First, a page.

The independent on ch. 48 is owned by the French family. At $212 million, it could be the biggest payout of the FCC's incentive auction.
WRNN New York Cops $212M In FCC Auction
WRNN, the quirky New York City independent, was sold for $212 million in the FCC’s reverse auction, topping every other station in the market and possibly the country, according to broadcast industry sources.
The station, which operates on ch. 48, is owned by the French family, which is headed by CEO Dick French and does business as RNN. According to the RNN website, the family bought the station in 1993.
WRNN airs mostly paid programming, but at 6 p.m. each weekday, it broadcasts a public affairs show hosted by Richard French, son of the CEO. That show, Richard French Live, is followed by a half-hour newscast, Newsline, produced by NHK, the Japanese public broadcaster.
Neither father nor son responded to requests for comment.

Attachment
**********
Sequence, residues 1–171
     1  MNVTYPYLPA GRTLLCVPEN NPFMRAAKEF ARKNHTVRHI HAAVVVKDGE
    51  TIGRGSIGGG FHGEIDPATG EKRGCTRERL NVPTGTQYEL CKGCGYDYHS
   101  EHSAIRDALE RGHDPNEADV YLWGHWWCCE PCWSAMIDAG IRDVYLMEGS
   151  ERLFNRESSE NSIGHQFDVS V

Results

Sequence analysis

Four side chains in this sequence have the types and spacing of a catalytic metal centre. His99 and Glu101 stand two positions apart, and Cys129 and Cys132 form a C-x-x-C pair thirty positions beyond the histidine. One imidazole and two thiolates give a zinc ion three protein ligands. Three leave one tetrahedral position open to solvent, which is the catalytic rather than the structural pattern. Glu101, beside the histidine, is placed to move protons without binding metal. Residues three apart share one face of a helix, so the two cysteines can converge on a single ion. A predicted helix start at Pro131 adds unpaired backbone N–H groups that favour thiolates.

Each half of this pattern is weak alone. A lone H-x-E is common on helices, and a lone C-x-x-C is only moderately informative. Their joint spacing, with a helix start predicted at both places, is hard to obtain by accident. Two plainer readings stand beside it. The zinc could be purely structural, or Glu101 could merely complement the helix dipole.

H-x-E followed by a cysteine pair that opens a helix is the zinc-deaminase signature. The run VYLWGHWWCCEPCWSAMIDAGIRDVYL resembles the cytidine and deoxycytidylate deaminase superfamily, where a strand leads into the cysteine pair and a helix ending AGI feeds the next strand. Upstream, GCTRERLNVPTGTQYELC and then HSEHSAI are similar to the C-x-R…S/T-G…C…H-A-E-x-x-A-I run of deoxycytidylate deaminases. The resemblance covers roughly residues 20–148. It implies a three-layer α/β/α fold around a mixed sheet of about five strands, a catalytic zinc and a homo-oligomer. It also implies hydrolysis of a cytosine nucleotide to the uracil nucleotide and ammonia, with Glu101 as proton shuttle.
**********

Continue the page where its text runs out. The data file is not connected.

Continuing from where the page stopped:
Under contract from Verizon, RNN also produces FiOS1 News, regional newscasts for FiOS cable systems in the New York area.
In the reverse auction, the FCC pledged to pay broadcasters $10 billion for their channels so that it could sell the spectrum to wireless carriers in a conventional reverse account.
Broadcasters who sold spectrum in the auction are free to say what stations they sold and for how much, but so far only a handful have done so.
Of the $10 billion pledged, only $1.2 billion is so far accounted for.
The FCC is expected to reveal all the stations that were sold in the auction and how much they are getting in March.